Obviously you are confused about the origin of the patented Edison cameras. There was a format war and Edison owned the basic patents on standardized film cameras that worked with the movie projectors in all the theaters. Some people tried to issue cameras in the Edison format that didn't pay Edison royalties. Others tried to start a new format, with predictable lack of success.
If you're going to argue a historical point, you should at least make a MINIMAL attempt to get the history right. I'm no fan of Edison (who often acquired patents in ways that we would now call him a "patent troll") but that doesn't make the early history of the Movies anything more than a plain old patent infringement problem. Without Edison's corporate backing of a standard format, movies as a medium would have been delayed in development and might never have taken off as a popular entertainment. You can try to recast that as a the activities of Robber Barons, but you're not being the least bit objective about that.
Yes, the "Top 100k torrents" is just another data point. Maybe it would be preferable to look at the top 100k through 200k torrents, sliding down a little further on the "long tail" (oh how I hate that whole long tail BS). Or maybe it might be preferable to look at the "bottom seeded torrents," like the torrents with only one seeder and no leechers. In this case, P2P nets are acting like a web server, with a single source, it's not distributed at all, it's point to point, kind of what P2P was intended to work around. This reminds me of the "good old days" of Napster, when you could find almost anything, no matter how obscure, if there was a single point on the Napster net anywhere with that one file.
Anyway, demand for mainstream product is always going to be high, no matter what the medium. But it is pretty clear that the internet has opened up many niches, and obscure niches are thriving. I don't think you can "prove" it in any mathematically rigorous way (as this article lamely attempted). But you can always cite "Rule 34," it seems obvious to anyone who has used the net more than casually.
That was a very poor argument. You're basing your argument on the top 100 torrents, this is like an inverse of the "long tail" argument. But that's the only data you have, since you can't look at the top 100,000 torrents.
There are other ways to look at this. For example, I used to be active on usenet in some specialist binaries newsgroups. We traded obscure music in our genre, none of this was new or of wide interest, it was definitely a niche. I did one vinyl rip and restoration of a very obscure LP that I might have one of the only existing copies, it took weeks to restore and clean up all the pops and clicks. That rip was traded back and forth repeatedly. Then all of a sudden, a new remastered CD of the album came out. I'm convinced that repeated trading of my vinyl rip proved demand and the record company was watching, and decided to remaster and rerelease it.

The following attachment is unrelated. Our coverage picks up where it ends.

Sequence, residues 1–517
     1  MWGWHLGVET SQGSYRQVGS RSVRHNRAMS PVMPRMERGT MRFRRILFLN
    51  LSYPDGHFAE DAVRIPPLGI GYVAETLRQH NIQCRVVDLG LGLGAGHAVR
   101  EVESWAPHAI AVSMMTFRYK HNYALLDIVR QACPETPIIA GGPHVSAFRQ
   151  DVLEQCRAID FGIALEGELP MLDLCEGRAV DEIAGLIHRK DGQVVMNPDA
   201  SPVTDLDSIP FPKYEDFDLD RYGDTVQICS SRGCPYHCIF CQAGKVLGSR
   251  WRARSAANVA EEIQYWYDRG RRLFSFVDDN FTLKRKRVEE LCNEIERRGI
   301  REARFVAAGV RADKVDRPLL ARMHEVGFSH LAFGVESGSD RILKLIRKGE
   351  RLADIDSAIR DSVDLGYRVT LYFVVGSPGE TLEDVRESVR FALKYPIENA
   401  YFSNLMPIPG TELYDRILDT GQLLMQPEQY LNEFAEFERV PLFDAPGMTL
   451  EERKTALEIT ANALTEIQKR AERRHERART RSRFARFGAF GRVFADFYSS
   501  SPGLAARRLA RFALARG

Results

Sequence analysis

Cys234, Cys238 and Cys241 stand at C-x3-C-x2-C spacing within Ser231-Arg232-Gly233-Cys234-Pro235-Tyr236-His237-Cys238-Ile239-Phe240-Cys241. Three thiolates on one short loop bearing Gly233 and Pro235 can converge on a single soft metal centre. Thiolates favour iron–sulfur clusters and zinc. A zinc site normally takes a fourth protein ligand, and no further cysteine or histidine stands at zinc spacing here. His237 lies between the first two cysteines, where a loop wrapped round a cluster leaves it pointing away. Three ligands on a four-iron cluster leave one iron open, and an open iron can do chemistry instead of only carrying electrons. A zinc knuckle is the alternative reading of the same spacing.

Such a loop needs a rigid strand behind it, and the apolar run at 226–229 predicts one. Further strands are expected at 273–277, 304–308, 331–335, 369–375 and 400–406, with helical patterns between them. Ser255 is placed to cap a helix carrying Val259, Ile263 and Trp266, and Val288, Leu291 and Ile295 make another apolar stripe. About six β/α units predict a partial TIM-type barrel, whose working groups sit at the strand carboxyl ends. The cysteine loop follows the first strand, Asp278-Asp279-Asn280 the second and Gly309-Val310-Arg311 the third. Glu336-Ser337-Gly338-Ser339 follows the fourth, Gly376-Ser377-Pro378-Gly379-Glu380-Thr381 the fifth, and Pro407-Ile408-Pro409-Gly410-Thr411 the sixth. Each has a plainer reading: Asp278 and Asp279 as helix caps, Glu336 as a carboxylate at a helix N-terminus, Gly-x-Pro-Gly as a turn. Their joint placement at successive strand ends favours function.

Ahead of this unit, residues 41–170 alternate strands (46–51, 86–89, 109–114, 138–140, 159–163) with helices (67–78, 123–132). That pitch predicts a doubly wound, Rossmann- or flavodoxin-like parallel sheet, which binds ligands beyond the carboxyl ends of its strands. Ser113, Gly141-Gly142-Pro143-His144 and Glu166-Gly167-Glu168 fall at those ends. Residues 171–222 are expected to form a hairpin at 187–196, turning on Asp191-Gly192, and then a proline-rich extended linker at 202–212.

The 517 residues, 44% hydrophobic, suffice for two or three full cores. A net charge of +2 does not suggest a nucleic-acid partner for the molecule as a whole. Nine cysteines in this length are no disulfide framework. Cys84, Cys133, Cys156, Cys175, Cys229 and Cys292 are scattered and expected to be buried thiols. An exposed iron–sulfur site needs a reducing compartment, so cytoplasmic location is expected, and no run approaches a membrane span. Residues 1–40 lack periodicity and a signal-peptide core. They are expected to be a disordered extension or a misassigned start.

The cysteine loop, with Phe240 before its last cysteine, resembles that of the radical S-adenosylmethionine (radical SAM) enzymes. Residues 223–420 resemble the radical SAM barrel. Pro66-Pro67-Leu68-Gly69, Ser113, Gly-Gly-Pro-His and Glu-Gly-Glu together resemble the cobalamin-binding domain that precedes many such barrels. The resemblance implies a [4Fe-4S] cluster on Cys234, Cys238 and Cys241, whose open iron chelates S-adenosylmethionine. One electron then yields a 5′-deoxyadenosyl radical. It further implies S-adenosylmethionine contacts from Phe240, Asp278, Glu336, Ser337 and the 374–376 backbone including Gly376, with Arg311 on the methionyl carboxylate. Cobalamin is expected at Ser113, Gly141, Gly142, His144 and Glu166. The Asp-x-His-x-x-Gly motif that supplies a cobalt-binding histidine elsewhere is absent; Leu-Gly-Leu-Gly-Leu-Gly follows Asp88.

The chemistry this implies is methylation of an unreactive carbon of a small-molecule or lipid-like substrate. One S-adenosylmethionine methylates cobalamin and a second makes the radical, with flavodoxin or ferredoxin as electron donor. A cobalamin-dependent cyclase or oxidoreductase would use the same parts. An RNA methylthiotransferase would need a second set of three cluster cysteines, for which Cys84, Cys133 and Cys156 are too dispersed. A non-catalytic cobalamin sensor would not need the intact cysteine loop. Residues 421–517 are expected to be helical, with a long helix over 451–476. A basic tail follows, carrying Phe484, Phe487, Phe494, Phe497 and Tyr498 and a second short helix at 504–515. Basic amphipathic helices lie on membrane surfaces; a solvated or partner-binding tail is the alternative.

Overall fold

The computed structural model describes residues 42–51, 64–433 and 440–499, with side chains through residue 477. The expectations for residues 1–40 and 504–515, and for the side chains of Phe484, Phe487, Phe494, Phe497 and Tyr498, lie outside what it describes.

Now if that (admittedly anonymous and unsupported) anecdote doesn't convince you (and why should it) then the mere existence of niche trading sites (on usenet and torrent trackers) should convince you. Take a look, there are plenty of them, within easy reach.
If you're going to argue that the most easily available torrents are the most easily available mass-trade products (like top 40 music) then you've found the perfect set of stats to prove your point. Maybe you shouldn't form your hypothesis and then go looking for data to fit it.
In a press release today, the EFF asserted that today's EFF actions are worse than any previous EFF actions. EFF Spokesperson Ewan McTeagle said, "This is a radical assertion that is utterly unprecedented. It's especially disappointing argument to hear from the EFF."
Ah yesss.. thanks for refreshing my memory, we were indeed trying to measure the Faraday Effect. I never thought to do this experiment in anything but air, or that a different medium would show clear results. But then, I was a dumb high school junior that was just beginning to study quantum physics. Hell, in those days, quantum physics was not as well developed as today, I don't know if anyone had even measured this phenomenon in different media. But today, it seems like basic optical-table equipment. Now I want to do the experiment all over again with a TGG Faraday Isolator, to vindicate my original ideas. I checked around the web, a basic Faraday Isolator will cost somewhere between $750 and $4000. No, I don't really want to know THAT badly.
I suspect my physics teacher was proud of me for overreaching my abilities, or he would have just shut down my stupid experiment. I guess he thought I'd eventually figure it out in college classes. Well, if nothing else, it was a memorable failure. I sometimes quote Robert Goddard, after watching one of his rockets blow up on the launch pad, he said, "We have successfully gathered negative information!"
He's dead, Jim.